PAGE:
Today, Iran is considered one of the most sanctioned economies in the world. Since the 1980s, Tehran has been subjected to different sets of sanctions coming from the United States, United Nations, and the European Union. But the major blow came in late 2011, when President Obama sanctioned the central bank of Iran and announced significant reductions in Iranian oil exports. This was followed by the European Union’s decision to ban imports of Iranian crude oil and petroleum products in January 2012. As a result, between 2012 and 2013, Iran’s GDP fell by more than 5 percent, inflation reached 30 percent, and Iran’s currency, the rial, devalued by 48 percent. Overall, during the Obama-era sanctions from 2012 to 2015, Iran’s GDP fell by 0.8 percent each year on average, the rial devalued by an average of 23 percent per year, and unemployment and inflation rates rose to 11 percent and 27 percent, respectively. While the sanctions were relieved temporarily following the signing of the 2015 Joint Comprehensive Plan of Action, President Trump withdrew from the nuclear deal and reinstated the sanctions in 2018. In addition, banks in Iran were also cut off from the SWIFT system. During the short period of sanctions relief between 2015 and 2018, Iran’s economy rebounded with its GDP, increasing by an average of 4.8 percent per year. However, renewed sanctions between 2018 and 2021, combined with the Covid-19 pandemic and the decrease in global oil prices, led Iran’s GDP to contract by approximately 2.7 percent each year on average, while inflation increased to 36.2 percent and the rial was devalued by 44.4 percent each year on average.

International sanctions on South Africa began as early as 1946 but did not take on serious economic significance until the 1980s. While comprehensive trade and export control bans were not pushed by major trading partners such as the United States, the European Economic Community (EEC), and the Commonwealth of Nations until 1986, a U.S. congressional amendment blocking International Monetary Fund (IMF) loans as early as 1983 combined with a long-standing drop in investor confidence starting in the 1970s to strongly exacerbate the country’s vulnerability to a current account crisis. At their height, sanctions touched almost every facet of South African society, from travel and sports to restrictions on technology transfers. While they did not deal the regime a comprehensive death blow, the sanctions degraded the country’s economic capacity and exacerbated the preexisting political weaknesses of the regime. Foreign private and government sanctions on lending and investment contributed to a slowdown in economic growth in the late 1980s. In this case, the reversal of the flow of capital proved more painful economically than trade sanctions per se.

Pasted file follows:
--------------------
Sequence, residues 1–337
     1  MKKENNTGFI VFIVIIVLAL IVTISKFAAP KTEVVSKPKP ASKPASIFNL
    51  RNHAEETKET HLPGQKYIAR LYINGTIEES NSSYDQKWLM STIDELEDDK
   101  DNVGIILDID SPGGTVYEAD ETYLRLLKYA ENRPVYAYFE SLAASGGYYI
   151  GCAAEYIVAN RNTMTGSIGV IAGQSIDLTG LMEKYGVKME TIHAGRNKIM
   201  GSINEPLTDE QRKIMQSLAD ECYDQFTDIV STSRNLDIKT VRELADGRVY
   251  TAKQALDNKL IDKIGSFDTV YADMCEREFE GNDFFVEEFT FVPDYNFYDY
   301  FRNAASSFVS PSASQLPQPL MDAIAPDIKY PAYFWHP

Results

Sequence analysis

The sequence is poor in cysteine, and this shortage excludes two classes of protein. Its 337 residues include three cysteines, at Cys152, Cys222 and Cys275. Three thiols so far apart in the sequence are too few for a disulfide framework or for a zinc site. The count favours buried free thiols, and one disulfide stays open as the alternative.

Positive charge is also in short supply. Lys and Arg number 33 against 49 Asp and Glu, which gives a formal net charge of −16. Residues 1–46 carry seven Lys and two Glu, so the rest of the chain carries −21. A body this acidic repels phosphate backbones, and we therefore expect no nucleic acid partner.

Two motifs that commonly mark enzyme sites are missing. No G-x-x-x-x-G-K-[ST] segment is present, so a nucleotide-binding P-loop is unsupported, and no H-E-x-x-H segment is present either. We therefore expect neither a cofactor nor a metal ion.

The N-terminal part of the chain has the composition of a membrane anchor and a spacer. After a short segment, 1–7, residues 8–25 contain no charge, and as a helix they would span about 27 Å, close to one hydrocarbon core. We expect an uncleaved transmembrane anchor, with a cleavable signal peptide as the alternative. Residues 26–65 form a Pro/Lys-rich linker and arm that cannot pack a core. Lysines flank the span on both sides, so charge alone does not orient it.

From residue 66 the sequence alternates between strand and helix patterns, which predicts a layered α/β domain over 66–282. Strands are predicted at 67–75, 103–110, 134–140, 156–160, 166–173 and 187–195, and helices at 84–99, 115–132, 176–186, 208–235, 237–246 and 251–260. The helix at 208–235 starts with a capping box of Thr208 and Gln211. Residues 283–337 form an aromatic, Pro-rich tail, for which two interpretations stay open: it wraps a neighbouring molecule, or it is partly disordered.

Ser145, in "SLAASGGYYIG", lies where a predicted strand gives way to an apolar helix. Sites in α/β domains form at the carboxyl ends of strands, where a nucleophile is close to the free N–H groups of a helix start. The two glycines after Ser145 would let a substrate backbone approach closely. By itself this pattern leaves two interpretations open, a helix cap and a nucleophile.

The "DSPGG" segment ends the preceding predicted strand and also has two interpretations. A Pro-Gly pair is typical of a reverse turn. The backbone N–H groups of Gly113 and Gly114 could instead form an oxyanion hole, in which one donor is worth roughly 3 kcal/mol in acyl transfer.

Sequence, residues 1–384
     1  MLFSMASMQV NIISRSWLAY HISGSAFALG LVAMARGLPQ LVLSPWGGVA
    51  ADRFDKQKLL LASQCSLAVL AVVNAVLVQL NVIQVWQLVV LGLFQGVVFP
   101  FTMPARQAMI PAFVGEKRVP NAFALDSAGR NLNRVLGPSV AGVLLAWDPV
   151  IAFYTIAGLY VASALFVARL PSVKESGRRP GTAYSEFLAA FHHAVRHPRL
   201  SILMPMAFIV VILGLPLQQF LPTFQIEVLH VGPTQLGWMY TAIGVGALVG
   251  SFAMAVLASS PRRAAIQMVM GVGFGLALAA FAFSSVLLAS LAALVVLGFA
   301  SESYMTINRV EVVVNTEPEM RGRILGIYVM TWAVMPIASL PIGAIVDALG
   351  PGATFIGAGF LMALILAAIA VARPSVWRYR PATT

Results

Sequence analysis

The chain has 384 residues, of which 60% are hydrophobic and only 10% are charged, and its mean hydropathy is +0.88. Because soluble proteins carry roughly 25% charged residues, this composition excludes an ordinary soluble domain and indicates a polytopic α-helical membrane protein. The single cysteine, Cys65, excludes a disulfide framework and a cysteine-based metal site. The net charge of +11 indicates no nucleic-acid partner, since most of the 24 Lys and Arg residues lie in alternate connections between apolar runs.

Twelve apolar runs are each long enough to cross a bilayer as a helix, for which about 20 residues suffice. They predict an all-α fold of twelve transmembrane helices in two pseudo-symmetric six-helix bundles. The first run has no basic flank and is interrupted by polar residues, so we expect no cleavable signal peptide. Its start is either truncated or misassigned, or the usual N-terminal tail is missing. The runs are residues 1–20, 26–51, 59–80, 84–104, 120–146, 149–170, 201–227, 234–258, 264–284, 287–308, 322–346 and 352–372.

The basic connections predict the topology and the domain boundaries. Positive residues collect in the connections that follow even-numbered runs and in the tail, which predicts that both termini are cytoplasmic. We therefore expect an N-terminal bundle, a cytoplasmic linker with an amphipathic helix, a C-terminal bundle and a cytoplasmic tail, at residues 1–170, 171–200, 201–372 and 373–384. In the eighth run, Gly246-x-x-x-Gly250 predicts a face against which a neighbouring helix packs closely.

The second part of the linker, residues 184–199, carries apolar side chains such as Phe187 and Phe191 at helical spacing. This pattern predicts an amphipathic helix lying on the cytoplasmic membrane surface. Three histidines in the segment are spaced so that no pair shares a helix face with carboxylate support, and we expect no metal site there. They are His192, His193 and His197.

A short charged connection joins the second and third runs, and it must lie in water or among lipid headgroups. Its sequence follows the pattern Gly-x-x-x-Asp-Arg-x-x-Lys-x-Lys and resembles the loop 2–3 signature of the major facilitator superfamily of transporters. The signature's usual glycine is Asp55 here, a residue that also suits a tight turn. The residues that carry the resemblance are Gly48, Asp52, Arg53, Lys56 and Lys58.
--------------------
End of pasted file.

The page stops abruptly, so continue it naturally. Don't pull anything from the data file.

Drawing on Iran’s and South Africa’s experiences, Russia’s economy is unlikely to collapse from Western sanctions. However, sanctions will constrain its ability to generate economic growth. Following the imposition of earlier rounds of sanctions in 2014, Russia’s economy was already stagnating, achieving only 2 to 3 percent growth per year. In 2022, the country’s economy contracted by approximately 2.2 percent, while forecasts for 2023 vary from predicting a marginal economic growth of 0.3 percent to a decline of 2.5 percent. But in 2023, the contraction of Russia’s economy may be stronger if Moscow fails to find new markets to fully substitute for losses driven by the European oil embargo and G7-backed price cap. Overall, the cumulative impact of sanctions, as well as the collapse in natural gas flows to Europe, will likely make Russia’s economy decline or stagnate for the next several years. Even the Kremlin’s own internal scenarios tend to suggest that Russia’s GDP will return to prewar levels only at the end of the decade or later.

If this dynamic continues, Russia’s budget deficit in 2023 will rise by at least 1.5 percentage points above the government’s projections of 2.3 percent. Russia is already burning through its rainy-day funds, as about a fourth of its sovereign wealth fund has been depleted since February 2022, and only $87.2 billion of the fund is in liquid assets. The Kremlin is therefore considering alternative sources, such as borrowing from the population and raising taxes on individuals and companies, which will further strain the economy and might potentially drive social discontent.